The South Kesteven no win no fee* lawyers at Accident Advice Helpline find that one of the more common causes of accidents in care homes are manual handling activities. The South Kesteven no win no fee* lawyers at Accident Advice Helpline are highly skilled in helping people to start personal injury claims if they have been injured in a manual handling accident in a care home that was not their own fault.
A frequent cause of accidents of this nature is a failure to carry out an adequate risk assessment. Sometimes, no risk assessment at all has been completed! This is the sort of evidence that the South Kesteven no win no fee* lawyers may refer to in order to prove that an employer was to blame for a particular accident. The next stage for the South Kesteven no win no fee* lawyers would be to negotiate a sum in compensation.
Avoiding South Kesteven no win no fee* lawyers by conducting manual handling risk assessments
A risk assessment should adequately cover the moving and handling needs of a patient – in order to protect their safety and that of the employees that are doing the lifting. Lifting can occur during the day and during the night and both situations may have to be risk assessed. The risk assessment should consider:
- Exactly what the resident or patient is able to do independently and what they cannot achieve independently
- The extent to which the resident can support their own weight – this may be a variable factor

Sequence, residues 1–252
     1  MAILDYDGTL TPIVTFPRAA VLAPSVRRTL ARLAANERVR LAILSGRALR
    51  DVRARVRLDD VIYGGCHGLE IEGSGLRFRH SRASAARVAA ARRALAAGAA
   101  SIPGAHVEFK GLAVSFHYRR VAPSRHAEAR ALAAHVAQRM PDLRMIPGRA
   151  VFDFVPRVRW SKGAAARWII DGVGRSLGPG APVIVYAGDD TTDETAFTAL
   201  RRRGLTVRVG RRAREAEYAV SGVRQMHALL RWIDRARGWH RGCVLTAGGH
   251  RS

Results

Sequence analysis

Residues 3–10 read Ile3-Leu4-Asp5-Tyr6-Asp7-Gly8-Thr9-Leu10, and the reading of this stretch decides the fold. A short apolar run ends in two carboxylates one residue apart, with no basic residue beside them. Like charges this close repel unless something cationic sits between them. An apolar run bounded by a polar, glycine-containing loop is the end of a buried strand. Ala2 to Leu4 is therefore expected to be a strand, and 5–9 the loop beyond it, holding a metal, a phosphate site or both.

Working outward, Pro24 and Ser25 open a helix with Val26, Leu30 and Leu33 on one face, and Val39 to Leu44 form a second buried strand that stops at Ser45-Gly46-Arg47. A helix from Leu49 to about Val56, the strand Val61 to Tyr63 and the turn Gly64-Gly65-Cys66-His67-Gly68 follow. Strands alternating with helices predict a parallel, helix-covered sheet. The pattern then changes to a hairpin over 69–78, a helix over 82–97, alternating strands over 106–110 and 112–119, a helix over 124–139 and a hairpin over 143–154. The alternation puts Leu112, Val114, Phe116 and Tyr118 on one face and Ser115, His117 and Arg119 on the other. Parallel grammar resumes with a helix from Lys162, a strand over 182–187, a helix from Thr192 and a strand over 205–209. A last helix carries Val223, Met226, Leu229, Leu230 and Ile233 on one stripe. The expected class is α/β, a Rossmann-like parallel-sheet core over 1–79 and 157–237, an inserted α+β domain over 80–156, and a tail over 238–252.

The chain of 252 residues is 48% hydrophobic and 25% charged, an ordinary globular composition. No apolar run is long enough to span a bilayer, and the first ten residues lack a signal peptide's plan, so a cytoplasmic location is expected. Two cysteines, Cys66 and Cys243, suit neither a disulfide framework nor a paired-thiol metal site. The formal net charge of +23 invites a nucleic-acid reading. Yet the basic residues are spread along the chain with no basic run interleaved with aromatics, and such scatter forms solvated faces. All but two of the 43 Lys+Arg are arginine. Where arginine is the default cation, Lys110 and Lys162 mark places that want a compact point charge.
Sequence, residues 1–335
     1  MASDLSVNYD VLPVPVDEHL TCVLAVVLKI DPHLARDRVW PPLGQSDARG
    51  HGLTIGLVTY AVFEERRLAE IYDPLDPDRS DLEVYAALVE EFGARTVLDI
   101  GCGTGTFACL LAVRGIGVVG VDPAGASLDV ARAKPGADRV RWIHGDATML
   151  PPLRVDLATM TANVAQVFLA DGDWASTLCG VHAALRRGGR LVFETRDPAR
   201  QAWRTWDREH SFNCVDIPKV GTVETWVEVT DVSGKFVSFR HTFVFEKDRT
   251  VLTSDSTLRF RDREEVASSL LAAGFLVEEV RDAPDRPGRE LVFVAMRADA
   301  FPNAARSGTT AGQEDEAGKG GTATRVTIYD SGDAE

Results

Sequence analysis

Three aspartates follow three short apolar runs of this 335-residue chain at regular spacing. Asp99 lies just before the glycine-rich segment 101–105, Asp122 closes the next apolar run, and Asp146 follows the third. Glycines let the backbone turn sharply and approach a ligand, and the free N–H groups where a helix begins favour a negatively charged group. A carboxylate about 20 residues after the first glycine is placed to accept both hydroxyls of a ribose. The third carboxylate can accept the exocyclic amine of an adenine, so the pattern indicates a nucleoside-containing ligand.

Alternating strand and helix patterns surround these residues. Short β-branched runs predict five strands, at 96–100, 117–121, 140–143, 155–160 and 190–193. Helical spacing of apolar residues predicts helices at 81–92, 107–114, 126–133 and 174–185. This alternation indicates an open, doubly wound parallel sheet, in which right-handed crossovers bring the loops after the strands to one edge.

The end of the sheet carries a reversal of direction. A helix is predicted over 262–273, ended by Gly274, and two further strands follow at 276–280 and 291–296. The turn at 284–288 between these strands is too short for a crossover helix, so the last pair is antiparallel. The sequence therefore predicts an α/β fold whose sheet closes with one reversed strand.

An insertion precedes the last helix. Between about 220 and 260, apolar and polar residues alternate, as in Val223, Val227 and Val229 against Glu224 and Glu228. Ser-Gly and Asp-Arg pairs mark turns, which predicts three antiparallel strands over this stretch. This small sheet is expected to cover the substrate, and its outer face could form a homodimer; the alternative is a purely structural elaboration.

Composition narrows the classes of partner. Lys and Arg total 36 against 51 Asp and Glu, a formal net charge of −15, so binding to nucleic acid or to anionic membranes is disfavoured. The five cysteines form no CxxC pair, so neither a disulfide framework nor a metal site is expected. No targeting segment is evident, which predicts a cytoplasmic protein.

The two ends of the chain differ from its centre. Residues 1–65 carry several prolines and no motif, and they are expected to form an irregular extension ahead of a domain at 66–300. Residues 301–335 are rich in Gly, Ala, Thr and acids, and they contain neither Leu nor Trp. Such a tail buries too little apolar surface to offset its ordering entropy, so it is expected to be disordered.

- Other relevant factors that may affect the lift such as pain, disability, spasm, fatigue, tissue viability or tendency to fall
- The extent to which the resident can participate in or cooperate with lifting including transfers from one place to another
- Whether the resident will need assistance to reposition themselves or to sit up after the lift or on a regular basis. This can mean lifting the resident upright in their bed or chair. Consideration should be given to how this will be achieved – sometimes an electric profiling bed has to be used
- The specific equipment to be used in the particular lift. This means firstly considering what type of bed, bath and chair will be used. Then the specific handling equipment needs to be selected – the type of hoist and sling, sling size and appropriate attachments
- The level of assistance required for different types of transfer – this looks at the number of staff that will be needed. Lifts where a hoist is used often require more than one worker to assist to make sure that the transfer is safely completed.
Date Published: 12th September 2014
Author: Sharon Parry